Jul 29, 2010 (09:07 AM EDT)
Mobile Networks Falter Under Video Demand
Read the Original Article at InformationWeek
Video continues to be the dominant form of mobile data traffic on wireless networks, mobile internet platform provider Bytemobile said, and cited projections from Cisco Systems that mobile video will increase at a compound annual growth rate of 131% between 2009 and 2014.
"The mobile data industry is experiencing tremendous growth, with video as the key driver," said Joel Brand, VP of product management at Bytemobile, in a statement. "While operators are enjoying revenue growth from data subscriptions, they are also experiencing rapid escalation of traffic, which is outpacing available network capacity and adversely affecting quality of service."
In addition to a deteriorating user experience as data traffic continues to increase, operators will have to implement stringent billing policies as way to curtail data usage, Brand said.
The July report also found that even the fastest networks experience stalling, "underscoring the probability that not even next-generation network technology will be sufficient to satisfy user demand for data services,'' Bytemobile said.
On average, there is 10 seconds of stalling for every 60 seconds of video watched on a 3G network, the firm said. However, the user experience improves noticeably with optimization, and users also tend to select lower-quality videos to avoid stalling and have a better media experience, the report found. Adobe Flash was the most popular video format on the mobile internet, comprising 90% of total video traffic, Bytemobile reported.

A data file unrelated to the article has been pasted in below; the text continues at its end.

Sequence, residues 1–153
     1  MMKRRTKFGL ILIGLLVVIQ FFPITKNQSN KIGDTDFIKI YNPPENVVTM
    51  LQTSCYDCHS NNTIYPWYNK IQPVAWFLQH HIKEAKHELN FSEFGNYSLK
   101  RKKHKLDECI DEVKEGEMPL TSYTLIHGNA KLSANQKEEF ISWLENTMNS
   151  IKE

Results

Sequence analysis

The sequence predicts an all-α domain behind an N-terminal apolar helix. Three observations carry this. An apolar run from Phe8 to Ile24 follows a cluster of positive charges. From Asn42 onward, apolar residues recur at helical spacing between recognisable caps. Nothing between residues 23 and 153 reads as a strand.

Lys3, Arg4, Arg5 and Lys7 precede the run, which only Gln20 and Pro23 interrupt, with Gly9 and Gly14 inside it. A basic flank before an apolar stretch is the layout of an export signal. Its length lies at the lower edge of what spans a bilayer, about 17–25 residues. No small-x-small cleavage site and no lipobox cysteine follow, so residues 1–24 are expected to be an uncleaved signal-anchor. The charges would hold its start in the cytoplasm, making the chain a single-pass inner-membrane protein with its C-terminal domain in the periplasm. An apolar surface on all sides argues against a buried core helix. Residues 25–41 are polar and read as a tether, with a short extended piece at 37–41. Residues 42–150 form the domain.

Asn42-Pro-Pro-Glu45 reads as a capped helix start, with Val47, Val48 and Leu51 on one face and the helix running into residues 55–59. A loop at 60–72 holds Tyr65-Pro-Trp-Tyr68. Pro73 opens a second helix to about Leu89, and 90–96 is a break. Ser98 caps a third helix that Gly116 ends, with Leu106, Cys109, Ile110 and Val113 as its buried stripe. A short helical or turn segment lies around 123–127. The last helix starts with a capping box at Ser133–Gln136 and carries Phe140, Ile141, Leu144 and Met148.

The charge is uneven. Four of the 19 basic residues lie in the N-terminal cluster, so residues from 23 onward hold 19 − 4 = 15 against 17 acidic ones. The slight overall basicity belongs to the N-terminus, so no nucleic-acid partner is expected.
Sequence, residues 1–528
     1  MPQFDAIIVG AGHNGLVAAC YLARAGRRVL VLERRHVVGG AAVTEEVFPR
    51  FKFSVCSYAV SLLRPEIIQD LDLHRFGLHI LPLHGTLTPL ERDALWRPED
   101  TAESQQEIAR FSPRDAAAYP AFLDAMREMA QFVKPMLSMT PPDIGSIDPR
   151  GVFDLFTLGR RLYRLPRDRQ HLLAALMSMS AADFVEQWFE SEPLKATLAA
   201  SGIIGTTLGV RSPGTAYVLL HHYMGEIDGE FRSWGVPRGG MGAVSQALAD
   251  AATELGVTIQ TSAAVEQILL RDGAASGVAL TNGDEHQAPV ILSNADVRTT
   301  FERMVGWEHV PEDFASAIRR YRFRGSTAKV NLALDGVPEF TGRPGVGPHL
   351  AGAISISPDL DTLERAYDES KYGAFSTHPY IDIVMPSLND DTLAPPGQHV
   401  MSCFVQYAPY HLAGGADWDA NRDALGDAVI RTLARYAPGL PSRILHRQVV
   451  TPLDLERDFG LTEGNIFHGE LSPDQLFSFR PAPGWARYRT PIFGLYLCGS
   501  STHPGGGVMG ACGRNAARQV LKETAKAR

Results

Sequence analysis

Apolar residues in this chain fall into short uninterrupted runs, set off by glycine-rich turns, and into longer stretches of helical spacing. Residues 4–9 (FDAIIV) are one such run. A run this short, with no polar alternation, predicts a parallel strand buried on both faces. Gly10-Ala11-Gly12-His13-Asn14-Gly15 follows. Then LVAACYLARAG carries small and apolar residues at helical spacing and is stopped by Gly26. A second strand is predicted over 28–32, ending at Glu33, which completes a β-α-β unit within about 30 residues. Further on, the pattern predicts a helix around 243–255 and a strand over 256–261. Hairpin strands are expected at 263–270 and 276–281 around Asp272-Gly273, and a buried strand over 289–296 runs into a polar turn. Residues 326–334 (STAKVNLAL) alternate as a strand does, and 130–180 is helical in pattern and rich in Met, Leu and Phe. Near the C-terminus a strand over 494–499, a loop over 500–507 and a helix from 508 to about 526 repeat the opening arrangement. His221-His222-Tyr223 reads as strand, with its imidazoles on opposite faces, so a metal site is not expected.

Aggregate data traffic from a global cross-section of customers' networks was anonymously sourced to examine the present state of the mobile ecosystem, Bytemobile said. The firm looked at two metrics: the resolution of the video to determine how crisp the picture is, and whether it plays in real time or stops and stutters, said Chris Koopmans, VP of product development.
"Many operators say 'the next speed will solve your problem'... the point we're trying to make here is however fast you make your network, users will consume it,'' added Koopmans. "No matter how fast it is, you will always end up with congestion."